The California Public Utilities Commission voted 5-0 at a San Francisco hearing to pass proposed rules that create a new class of “transportation network companies” (TNCs). (Technically these services are not considered “ridesharing” under the CPUC’s definition, which defines ridesharing as practices such as casual carpool.)
Today’s ruling makes California the first U.S. state to legalize these peer-to-peer services, which connect individual private drivers with people who are looking for a ride. The new rules could provide a guiding framework for other states nationwide that are grappling with how to regulate these new services, which aren’t taxis but also aren’t the same as traditional casual carpooling. By providing legitimacy to the sharing economy, the ruling also could tangentially provide a boost to other sharing economy companies such as Airbnb which are engaged in their own regulatory challenges as they try to get official legislation or other approvals to operate from various government bodies.
The CPUC has been engaged in legal battles, negotiations and debates with the startups and other interested parties. Last October, the CPUC issued cease and desist letters to Lyft, SideCar, Uber and Tickengo, arguing that these companies needed to be licensed, but later reached interim agreements that allowed the startups to operate.
Before the vote today, CPUC president Michael Peevey called the new services a “new pathbreaking approach” and “thoughtful and innovative.”
Under terms of the ruling, first proposed officially in July, TNC services will be required to obtain a license from the CPUC, have a minimum of $1 million in insurance, vehicle inspections, driver training programs, a “zero tolerance” policy on drugs and alcohol, and criminal background checks. The CPUC also said it will review the rules in one year to evaluate how the system is working. The startups including Lyft, Sidecar and Uber have said that they already comply with most of the requirements under the new rules.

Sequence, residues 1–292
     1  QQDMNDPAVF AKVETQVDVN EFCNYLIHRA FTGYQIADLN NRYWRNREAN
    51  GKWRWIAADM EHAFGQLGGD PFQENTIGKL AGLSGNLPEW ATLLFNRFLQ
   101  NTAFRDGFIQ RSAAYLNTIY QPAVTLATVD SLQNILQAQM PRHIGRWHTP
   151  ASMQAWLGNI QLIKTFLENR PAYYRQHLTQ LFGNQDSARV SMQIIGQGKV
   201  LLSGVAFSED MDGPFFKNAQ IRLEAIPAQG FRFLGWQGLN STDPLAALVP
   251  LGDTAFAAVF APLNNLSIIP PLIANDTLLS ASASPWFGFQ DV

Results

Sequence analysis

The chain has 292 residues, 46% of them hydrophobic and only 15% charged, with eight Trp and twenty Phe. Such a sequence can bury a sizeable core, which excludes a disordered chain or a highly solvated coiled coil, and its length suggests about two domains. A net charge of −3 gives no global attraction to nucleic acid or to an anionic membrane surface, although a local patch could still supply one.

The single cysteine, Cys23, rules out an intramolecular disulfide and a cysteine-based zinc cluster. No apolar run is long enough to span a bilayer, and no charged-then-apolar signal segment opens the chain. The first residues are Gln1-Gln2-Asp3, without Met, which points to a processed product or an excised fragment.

Startup companies involved praised the new rules. “Only a year ago, the PUC was sending cease and desist letters and fining us,” said Sunil Paul, CEO of Sidecar. “We’ve come a long way in a short amount of time. It sets a good precedent.”
The ruling could have a major impact on transportation systems in the future, said John Zimmer, CEO of Lyft. “California as a leader will be the first to have this regulatory structure,” Zimmer said. “This sets the stage and creates a responsible process and common sense regulations.”
Peers, a new organization that supports the sharing economy, organized a group of more than 100 supporters and drivers to attend the hearing. The supporters packed the CPUC hearing room and erupted into applause when the proposal passed. “As the future is being determined the people building this new economy are now part of the conversation,” said Natalie Foster, executive director of Peers.
Some representatives of the taxi industry were not happy with the decision. Hansu Kim, owner of Desoto Cab Co. in San Francisco called the decision “astonishing.” Kim said the startups were essentially the same as taxis but not being regulated the same around issues such as workers compensation and insurance. “It makes a mockery of the rules. It’s unfair business practices,” Kim said.